Even in the sense of a pillar of a house, this infinity pillar is not a tower extending toward the heavens, but a “pillar supporting the heavens,” which is the opposite of the common idea of a tower leading to the heavens. Incidentally, the infinity pillar in the outdoor work shown in the photo is a unit about the same size as an average person, with a device that makes people think they can climb the pillar, a metaphor crossed with a person, and other thoughts.

Next, Brancusi’s famous series of sculptures of birds was inspired by the ceramic and wooden flutes known in his countryside, which he used to call his sheep and other livestock.

Thus, quotations from traditional Romanian crafts and craftsmanship underpin his celebrated work.

As ISAMU NOGUCHI, born of Japanese and American descent, explored the roots of his aesthetic sense by designing a lantern lamp out of a lantern ghost, “Best artists are influenced by own native tradition”.

Artists’ Union

By the way, why is the history of the Romanian art market so young?

One of the main reasons is that Romania was a communist country between 1945 and 1989. The concept of individuals buying art for their own taste, as in today’s free economy, was almost non-existent. Furthermore, even after the revolution of 1989, its communist institutions and its system continued to function until about 1999.

The only main institution governing the arts was the communist-controlled “Artists’ Union,” which was created in 1945 by a Soviet agency. The Artists’ Union was created in 1945 by a Soviet agency, and although the assets and property belonged to the government, artists could receive support from the government.

For example, when a student graduates from an art college, he or she is eligible to become a member of an art union. Although there are no cash benefits, students who belong to this union are provided with a studio to work in and materials for their artwork. In addition, students are given travel expenses for study in Italy for example, or summer camps, and other opportunities. In addition, some artists were able to borrow money from the “Communist Bank” and repay it with their works.

This had the advantage of belonging to the government, but at the same time, the artists were subject to government audits of their work to ensure that they were not doing anything that went against the wishes of the government. At times, artists were asked to produce works that could be used for socialist or war propaganda.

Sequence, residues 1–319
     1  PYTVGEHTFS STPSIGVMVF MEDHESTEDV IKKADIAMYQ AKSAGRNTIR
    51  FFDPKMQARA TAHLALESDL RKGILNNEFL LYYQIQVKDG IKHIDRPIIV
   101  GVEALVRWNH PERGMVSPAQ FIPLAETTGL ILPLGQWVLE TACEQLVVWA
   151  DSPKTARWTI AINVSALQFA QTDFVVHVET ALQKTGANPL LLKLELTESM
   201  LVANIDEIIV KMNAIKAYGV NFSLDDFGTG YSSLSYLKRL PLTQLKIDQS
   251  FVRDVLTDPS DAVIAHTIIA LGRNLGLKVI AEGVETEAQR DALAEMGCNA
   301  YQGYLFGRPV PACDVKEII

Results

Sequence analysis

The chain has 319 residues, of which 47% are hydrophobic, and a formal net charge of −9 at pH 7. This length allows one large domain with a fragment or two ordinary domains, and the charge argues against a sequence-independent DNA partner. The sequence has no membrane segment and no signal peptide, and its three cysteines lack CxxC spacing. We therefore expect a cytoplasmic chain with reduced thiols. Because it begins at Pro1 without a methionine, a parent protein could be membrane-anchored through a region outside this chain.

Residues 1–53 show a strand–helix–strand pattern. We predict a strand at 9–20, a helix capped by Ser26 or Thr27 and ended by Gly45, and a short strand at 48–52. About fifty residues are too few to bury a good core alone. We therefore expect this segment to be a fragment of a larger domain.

With the Revolution of 1989, all of these systems came to an end, and artists had to pay higher studio fees and materials, and it became difficult to obtain visas to travel abroad, making it impossible for artists who had benefited from government assistance to make a living.

H’art Gallery

 H’art Gallery opened in 2002, after the country had liberalized and settled down. It is the first private, self-managed contemporary art gallery in Romania. 

Up until 2002, when I opened my gallery, the world was in a state of great turmoil, and artists were simply at the mercy of this turmoil. However, since 2002, the art market seems to have been somewhat established. Buildings and their tenants are no longer managed as they used to be, and they have become untouched and abandoned. The concept of “exhibiting artwork” was not what it is today, and the only place to start an exhibition was at the site of a wildly abandoned store. The current generation of artists in their 40s and older, who lived through such a period, have come to believe that if there is no good space, they should create a painting or an object that would surpass or destroy it. In this way, Romanian artists developed the ability to adapt to any social situation.

In the days of the “Artists’ union”, only artists who belonged to the union were “artists,” but from now on, “artists who can freely work in society artists”.

Now, I would like to show more specifically the trend of Romanian art, using some of the gallery artists as examples.

Dumitru Gorzo

Let’s start it from Dumitru Gorzo 1975-), he is from Bucharest, and very well respected both in Romania and abroad.